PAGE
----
Singing for my Supper
Girls: The girls in Vladivostok are all around a size 6, at least 5'10" tall, with legs well beyond their armpits. And pretty. If any of you chaps ever consider coming here you'll have to have a slave tagging along with a mop and bucket to swab the ground behind you.
The only thing is this: if the fashion scale goes from Sloane Square at 1 to Newcastle at 10, with Essex somehwhere in the region of 7, Vladivostok is around 25. As Nicola (NZ woman around my age who arrived yesterday) said, they all look as though they were out clubbing last night and haven't been home yet. And the shoes - precipitous heels and unreasonably long pointed toes; some of them can barely totter, especially up the hills (see below).
Fitness: This town is like a baby Genoa, built on hills and cliffs around a huge bay and enormous natural harbour (the Amursky Gulf and Golden Horn Bay). In fact the 10-storey hotel across the road and down the hill has both its bottom and top floors at ground level. So I've been getting very fit, because there isn't a yard of flatness anywhere, not even along the promenade.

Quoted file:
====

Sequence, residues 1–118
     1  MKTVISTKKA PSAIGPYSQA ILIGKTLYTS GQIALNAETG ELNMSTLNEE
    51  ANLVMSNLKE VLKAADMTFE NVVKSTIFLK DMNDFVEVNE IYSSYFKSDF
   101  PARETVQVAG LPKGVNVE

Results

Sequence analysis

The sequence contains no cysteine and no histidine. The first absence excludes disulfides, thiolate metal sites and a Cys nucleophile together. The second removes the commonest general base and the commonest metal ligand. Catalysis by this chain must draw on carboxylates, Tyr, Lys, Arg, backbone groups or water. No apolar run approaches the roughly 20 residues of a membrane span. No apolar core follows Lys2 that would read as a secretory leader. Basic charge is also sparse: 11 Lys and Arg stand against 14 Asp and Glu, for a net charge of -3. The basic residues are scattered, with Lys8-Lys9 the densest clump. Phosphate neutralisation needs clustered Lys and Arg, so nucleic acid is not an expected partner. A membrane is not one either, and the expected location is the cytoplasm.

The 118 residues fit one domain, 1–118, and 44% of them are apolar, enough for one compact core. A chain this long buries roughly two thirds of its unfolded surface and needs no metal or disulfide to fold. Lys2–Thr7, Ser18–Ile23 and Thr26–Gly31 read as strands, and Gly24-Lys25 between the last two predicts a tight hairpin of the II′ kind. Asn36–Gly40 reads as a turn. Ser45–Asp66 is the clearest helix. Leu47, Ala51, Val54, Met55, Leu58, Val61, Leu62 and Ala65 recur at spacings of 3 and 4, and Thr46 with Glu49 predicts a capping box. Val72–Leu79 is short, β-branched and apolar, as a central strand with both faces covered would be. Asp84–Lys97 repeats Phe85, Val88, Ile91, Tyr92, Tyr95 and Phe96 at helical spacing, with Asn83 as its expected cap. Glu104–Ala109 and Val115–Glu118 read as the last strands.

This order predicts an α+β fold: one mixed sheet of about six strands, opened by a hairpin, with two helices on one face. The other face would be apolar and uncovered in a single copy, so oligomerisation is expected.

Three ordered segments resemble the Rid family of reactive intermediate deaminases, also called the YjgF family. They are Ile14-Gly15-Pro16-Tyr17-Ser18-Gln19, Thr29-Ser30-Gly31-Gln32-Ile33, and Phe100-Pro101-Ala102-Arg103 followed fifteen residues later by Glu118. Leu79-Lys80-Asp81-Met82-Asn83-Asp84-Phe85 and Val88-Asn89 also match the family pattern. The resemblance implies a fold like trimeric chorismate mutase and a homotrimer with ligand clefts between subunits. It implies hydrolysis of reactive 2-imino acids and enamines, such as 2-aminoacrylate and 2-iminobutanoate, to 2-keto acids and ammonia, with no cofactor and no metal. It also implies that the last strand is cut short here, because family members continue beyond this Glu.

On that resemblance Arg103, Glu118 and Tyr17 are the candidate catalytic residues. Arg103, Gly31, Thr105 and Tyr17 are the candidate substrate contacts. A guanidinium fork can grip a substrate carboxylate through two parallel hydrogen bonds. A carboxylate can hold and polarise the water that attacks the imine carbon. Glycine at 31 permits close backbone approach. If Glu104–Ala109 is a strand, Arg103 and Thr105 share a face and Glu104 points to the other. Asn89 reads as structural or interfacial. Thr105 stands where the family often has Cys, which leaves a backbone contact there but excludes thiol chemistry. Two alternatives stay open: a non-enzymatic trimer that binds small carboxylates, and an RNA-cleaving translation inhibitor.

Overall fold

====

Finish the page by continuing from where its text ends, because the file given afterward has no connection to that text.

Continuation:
Visa extensions: Every bit as excruciating as I'd been led to believe. Three days, lots of queuing at different windows and in different offices, photocopying, translations, two visits to the bank, all the usual stuff (plus lots of climbing up and down hills). The Russians do queuing, and there are obviously rules but I've absolutely no idea what they are. And why does an immigration office dispensing visas for foreign nationals have all its notices and information in Russian only?
But I finally have the magic piece of paper allowing me to stay in the country until the ship sails on Saturday.
Beer: Good, and I especially like Baltika 3.
Vodka: What do you think?
Oh, and I sang for my supper at School No.13 yesterday morning: talks (both more or less the same) to two classes of 16-year-olds. Their English mistress Tatiana was very complimentary and said I was easy to understand because I speak with received pronunciation (her phrase) and that they find Americans and Australians very difficult. The kids spoke excellent English and asked very interesting questions. I rather enjoyed myself. It makes me more puzzled as to why it's so difficult to find a Russian who'll admit to speaking English. Perhaps it's shyness, but it's a bleeding nuisance at times.
Posted by Cynthia Milton at October 07, 2004 04:52 PM GMT